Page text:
Jews, as a matter of tradition, do not proselytize, and neither do they tolerate it from others.
So it comes as no surprise that a new evangelical channel, recently launched on Israeli cable television and dedicated to taking the gospel of Jesus “into the homes and lives and hearts of the Jewish people,” would set off a storm.
The Hebrew-language channel Shelanu is the Israeli affiliate of God TV, an international Christian media network that broadcasts in some 200 countries around the world.
What was not expected was that the outcry would be loudest among those Israelis known for their deep ties to evangelicals: religious, right-wing Jews. These two groups, after all, share a common interest in Israel controlling the West Bank (an area they refer to as “Judea and Samaria” or “the Biblical Heartland”) and a common disdain for Palestinian rights.
And yet, leading the campaign – both on- and offline – to get the new evangelical channel taken off the air is a group of Israelis who regularly lead Christian tours of the “Biblical Heartland”; who raise money among Christians for projects in the West Bank settlements; who organize and host interfaith Bible classes; and who provide Israel’s Christian allies with news from the Holy Land suited to their particular interests.
What has riled them so much?
“I’m trying to convince other Israelis that we can start to trust Christians once again, and that they do not have ulterior motives – and, lo and behold, God TV is demonstrating that there are in fact very clear strong ulterior motives in their support for Israel,” said Rabbi Tuly Weisz, an Orthodox rabbi who immigrated to Israel from the United States and has been engaged ever since in creating bridges between Israel and the international evangelical community.
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“That shatters the faith of people like me, who had hoped we were making a difference in Jewish-Christian relations,” he added.
God TV signed a seven-year contract with Israeli cable television company Hot to host the channel. More than 700,000 Israeli households subscribe to the provider, which controls nearly half the multichannel market in the country.
The new channel was officially launched last week to coincide with Israeli Independence Day.
A few days later, the Cable and Satellite Broadcasting Council said it was conducting an investigation to determine whether Shelanu had violated the terms of its license. That license, which had been awarded by the regulatory body, prohibits any programming that wields “undue influence” on viewers. This would include proselytizing.
Weisz said that people like him, dedicated to improving Jewish-Christian relations, were “devastated” that the new channel had been approved by an Israeli regulatory body.
“It is entirely damaging to everything I and others in the religious community, who love Christian Zionists, have been working toward,” said Weisz, who is the publisher of Israel365 – a daily newsletter distributed to some 250,000 Christian Zionists around the world. “It sets us back 10 years.”
Christian Friends of Israeli Communities raises about $1 million a year for West Bank settlement projects, with almost all of the donations coming from evangelicals. Its founder and Israel director, Sondra Baras, said her relationship with her Christian partners and donors has long been based on their willingness “to set aside any evangelizing agenda.”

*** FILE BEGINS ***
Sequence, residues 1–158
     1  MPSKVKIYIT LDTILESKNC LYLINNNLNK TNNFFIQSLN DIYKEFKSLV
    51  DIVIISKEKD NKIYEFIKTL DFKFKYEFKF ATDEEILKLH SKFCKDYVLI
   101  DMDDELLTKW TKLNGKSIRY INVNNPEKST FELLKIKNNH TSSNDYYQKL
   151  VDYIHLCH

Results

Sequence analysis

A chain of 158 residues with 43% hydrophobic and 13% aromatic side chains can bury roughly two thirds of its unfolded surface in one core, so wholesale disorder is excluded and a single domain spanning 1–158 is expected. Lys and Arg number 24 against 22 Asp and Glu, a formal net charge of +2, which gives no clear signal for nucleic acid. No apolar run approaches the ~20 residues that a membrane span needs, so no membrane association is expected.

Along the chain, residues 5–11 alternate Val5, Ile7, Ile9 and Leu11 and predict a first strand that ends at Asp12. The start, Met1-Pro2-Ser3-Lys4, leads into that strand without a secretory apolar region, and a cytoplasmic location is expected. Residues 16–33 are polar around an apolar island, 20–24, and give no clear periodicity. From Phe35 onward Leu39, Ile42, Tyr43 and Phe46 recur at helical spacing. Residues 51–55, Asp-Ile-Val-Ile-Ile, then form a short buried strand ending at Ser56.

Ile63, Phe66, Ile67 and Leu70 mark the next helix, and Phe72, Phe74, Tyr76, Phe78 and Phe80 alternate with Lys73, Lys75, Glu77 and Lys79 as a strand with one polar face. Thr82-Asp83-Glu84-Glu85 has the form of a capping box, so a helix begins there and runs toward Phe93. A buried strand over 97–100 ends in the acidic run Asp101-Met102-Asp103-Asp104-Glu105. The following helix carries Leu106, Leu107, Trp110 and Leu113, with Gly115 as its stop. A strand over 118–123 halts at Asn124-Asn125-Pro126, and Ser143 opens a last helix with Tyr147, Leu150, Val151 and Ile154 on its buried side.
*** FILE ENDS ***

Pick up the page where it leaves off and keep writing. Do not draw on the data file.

“That has been the conditions that we and others like us put before our Christian friends all the time, and it has been our stated policy since we started 22 years ago,” she said. “One of the things we’ve been doing is trying to get Christians to understand how offensive this is, because many of them have been taught since childhood that Jews have just been waiting to be saved. They have no idea that we are very comfortable with who we are.”
When Baras first ventured into this line of work, there was considerable opposition among Orthodox Jews living in the settlements – especially their rabbinical leaders, who feared these Christians were secretly out to convert them. Over the years, the opposition has dwindled as such fears have proven to be ungrounded.
“Unfortunately, though, there are still some big, powerful people out there who can’t let go of this evangelizing, and that CEO who says he’s going to bring the gospel here in Hebrew – he’s not the kind of guy I’m friendly with at all,” Baras said. “I want nothing to do with him.”
She was referring to a video message, announcing the launch of Shelanu, in which God TV CEO Ward Simpson said the network “has been given government permission to broadcast the gospel of Jesus Christ – Yeshuah the Messiah – in Israel on cable TV in the Hebrew language. Never before, as far as we know in the history of the world, has this ever been done.”
That controversial video has since been removed from God TV’s website.
Yishai Fleisher, spokesman for the Jewish community in Hebron – a major flashpoint of the Israeli-Palestinian conflict – accused God TV of “crossing a red line.”
“We honor and love and appreciate our friendship with the evangelical world. We have many shared values with these people, like a belief in the rights of the Jewish people to the Land of Israel,” he said. “However, in every relationship there are red lines, and when they are crossed, that can be painful. Missionizing is one of those red lines.”
Fleischer said it was no coincidence that he and other allies of the Christian right were leading the protest against the new cable channel.
“Because of our ties to them and our interest in their world, we were the first to know about this. And because we want to protect our relationship with them, we were the first to call it out.”